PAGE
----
I often have a folder within "Favorite Programs" called "Information". In it are shortcuts to often used spreadsheets and so on.
It's really easy to install useful free programs for Windows 7 or XP. Just go to http://ninite.com/ and you can check off the apps you want. It downloads an installer to you and when you run it, it installs all the software for you in one shot.
Microsoft free apps that may not come on already installed can be found at : http://download.live.com/
I usually add Chrome and Firefox to supplement Internet Explorer 8. If I were doing it today, I'd make it Chrome's Dev version since it is fairly stable and supports extensions.
I put Xmarks to each of the browsers. This synchronizes bookmarks in all three of these browsers. I have to install extensions from Xmarks in all three browsers.
I usually add Skype for Voice over IP use. And Gizmo to work with Google Voice. Audacity for basic audio editing, Paint for photo editing, Picasa for photo organization. Fox it Reader to read PDF files. It tends to be faster than Adobe Reader (also free). And I add CutePDF which installs as a printer driver and lets you create PDF files from any appliation that prints.
Everyone gets Dropbox and Evernote in my family. I have written about them both many times before. Dropbox lets you sync files between your computers, share selected files with users, and backup your key files. I wrote about needing it here.
Evernote captures all the information you want. Notes, bookmarks, clips from web pages, scans of bills and othe rdocuments, photos, photos of school white boards. And it is all searchable. You can even search on words found in a photo. It has a million (almost anyway) uses. (Family Tech article on Evernote)
If you do install Evernote, my post "Your First Day with Evernote" is very useful. For a new computer, I am sure to install the web clippers for the three browsers and setup the "Print/Copy" to Evernote folders I mention in that post.
Update 12-25-2009: If you don't own Microsoft Office or want to spend the money for it, you can do almost everything Office does with the free OpenOffice. You can install it from Ninite above, or from OpenOffice's website.
Windows 7 comes with a DVD builder, but I usually add ImgBurn to give the user some extra capabilities to make CD's and DVD's.
When I was done doing all that installing, I copied the Shortcuts off the desktop into the appropriate folder inside of the "Favorite Programs" folder. That leaves just the Recycle and Favorite Programs shortcusts on the desktop.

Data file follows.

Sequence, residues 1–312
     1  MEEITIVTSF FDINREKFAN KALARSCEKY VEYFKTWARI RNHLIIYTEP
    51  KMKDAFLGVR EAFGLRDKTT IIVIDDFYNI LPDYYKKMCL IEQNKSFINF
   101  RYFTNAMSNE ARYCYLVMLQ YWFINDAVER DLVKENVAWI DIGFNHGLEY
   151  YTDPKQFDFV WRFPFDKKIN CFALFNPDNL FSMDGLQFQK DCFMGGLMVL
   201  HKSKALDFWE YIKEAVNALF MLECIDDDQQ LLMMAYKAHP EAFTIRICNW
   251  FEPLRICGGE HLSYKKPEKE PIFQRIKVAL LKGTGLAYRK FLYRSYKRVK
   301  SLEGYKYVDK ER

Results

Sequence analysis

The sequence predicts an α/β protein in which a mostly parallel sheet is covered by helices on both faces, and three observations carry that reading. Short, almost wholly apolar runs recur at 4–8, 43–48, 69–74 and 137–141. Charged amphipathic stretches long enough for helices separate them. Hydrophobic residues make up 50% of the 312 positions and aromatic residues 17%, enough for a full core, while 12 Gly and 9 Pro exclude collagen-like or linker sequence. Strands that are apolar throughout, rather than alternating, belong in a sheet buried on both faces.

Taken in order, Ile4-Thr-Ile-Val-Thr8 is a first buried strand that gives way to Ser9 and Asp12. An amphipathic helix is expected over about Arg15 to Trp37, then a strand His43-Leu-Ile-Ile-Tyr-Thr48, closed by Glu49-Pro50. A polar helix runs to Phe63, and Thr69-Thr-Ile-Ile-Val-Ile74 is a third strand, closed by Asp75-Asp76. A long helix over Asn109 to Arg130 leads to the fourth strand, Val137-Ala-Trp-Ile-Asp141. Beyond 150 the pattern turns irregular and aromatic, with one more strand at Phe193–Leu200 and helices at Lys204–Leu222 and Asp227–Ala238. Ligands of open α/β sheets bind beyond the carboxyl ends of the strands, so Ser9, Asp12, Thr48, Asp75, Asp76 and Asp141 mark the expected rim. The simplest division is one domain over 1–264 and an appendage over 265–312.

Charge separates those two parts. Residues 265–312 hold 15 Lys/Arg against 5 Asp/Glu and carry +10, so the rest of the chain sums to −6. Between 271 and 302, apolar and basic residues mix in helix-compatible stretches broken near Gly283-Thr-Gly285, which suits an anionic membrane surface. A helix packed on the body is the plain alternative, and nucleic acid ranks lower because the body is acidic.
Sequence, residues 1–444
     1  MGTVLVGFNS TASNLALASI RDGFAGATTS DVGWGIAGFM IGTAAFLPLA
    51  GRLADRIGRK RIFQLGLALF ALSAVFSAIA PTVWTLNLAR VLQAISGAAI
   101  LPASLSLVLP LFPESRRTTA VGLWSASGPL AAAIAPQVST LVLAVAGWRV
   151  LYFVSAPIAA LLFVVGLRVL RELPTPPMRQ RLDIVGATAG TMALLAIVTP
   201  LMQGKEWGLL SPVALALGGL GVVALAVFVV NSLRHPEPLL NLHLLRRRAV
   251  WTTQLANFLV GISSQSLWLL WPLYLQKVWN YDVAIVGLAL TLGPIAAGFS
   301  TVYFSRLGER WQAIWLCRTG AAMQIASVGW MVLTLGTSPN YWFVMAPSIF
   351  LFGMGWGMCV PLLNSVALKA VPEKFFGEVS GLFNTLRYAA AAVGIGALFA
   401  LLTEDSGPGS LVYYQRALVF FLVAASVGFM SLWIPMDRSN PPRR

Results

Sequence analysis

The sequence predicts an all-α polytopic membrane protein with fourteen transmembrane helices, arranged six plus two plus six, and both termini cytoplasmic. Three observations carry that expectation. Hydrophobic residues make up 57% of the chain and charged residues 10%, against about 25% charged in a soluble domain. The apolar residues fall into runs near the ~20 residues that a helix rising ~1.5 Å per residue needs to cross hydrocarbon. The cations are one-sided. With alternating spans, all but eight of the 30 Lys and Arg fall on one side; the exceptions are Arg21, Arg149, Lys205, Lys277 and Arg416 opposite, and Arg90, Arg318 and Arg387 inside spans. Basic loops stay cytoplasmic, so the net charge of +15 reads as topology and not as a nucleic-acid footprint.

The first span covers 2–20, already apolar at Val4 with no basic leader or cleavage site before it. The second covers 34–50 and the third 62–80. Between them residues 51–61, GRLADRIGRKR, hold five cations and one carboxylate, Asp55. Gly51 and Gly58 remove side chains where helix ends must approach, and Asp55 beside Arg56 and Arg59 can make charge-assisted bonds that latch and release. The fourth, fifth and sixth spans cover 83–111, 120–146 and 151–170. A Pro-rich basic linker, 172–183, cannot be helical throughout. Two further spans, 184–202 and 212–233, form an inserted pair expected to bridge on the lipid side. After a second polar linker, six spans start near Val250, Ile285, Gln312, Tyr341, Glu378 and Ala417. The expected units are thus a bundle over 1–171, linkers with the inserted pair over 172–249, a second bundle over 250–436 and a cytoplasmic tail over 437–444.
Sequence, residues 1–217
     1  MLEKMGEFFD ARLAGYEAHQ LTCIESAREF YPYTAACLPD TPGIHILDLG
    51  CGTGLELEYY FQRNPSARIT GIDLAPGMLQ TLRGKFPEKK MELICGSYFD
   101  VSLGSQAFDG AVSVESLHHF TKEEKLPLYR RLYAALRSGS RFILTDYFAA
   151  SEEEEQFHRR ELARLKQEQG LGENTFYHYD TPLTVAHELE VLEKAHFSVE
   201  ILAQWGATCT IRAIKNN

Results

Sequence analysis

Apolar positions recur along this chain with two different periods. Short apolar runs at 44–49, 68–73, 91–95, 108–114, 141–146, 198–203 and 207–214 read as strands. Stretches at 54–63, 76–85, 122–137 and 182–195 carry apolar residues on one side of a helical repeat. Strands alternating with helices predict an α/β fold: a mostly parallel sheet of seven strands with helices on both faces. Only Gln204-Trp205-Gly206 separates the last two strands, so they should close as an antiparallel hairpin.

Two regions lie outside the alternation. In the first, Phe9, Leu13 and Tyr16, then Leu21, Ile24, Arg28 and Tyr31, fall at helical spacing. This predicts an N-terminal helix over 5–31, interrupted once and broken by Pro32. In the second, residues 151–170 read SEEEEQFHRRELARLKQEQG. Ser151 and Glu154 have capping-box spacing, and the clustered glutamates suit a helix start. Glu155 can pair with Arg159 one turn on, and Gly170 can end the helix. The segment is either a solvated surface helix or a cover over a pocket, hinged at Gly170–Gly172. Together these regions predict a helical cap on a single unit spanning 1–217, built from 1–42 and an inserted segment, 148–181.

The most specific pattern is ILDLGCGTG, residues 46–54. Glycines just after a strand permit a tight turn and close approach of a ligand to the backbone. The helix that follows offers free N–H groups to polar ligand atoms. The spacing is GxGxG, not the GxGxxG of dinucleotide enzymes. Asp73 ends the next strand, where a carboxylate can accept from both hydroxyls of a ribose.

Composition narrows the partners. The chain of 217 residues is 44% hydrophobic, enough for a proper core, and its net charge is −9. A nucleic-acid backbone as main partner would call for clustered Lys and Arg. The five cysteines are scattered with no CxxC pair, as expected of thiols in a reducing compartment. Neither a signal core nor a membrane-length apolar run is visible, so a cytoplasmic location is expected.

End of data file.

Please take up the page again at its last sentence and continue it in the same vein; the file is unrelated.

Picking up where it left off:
Finally, I copy shortcuts fround in the Start Menu, Programs to the appropriate folders inside "Favorite Programs" so that all like programs are grouped together.
Make Recovery CD's
If you system does not come with Recovery CD's it probably has that as an option somewhere in the Start Menu. Be sure to do it now. When you need them, you'll need them desperately.
I tend to leave this up to the computers owner. On my system, I added gadgets for time, weather calendasr and CPU usage. Right click the desktop, and choose Gadgets to get started.
You can also add Themes or make your own. Themes are background images that cycle through and different sound schemes.
I'll also add useful bookmarks to one browser, like lists of Google services, Dropbox and Evernote web versions, support pages, etc. Xmarks synchronizes them so adding them to one browser adds them to the other two.
Lifehacker has a great summary of Windows 7 tips and tricks useful to all users.
http://lifehacker.com/5386953/lifehackers-complete-guide-to-windows-7 . I bookmark that too.
Plan and Execute a Backup Procedure
Encourage the user to have both an external drive for local backup, and to subscribe to Carbonite, Mozy or to buy more space on their Dropbox account. I talked about the need for backup in a Family Tech column.
Take those notes you made and dump them into your Evernote for your own records, and to the computer owners Evernote for their future reference. Put all CD's, DVD's, manuals etc. into the file folder and file it away (or send it with the computer).
Now, that new computer is ready to go.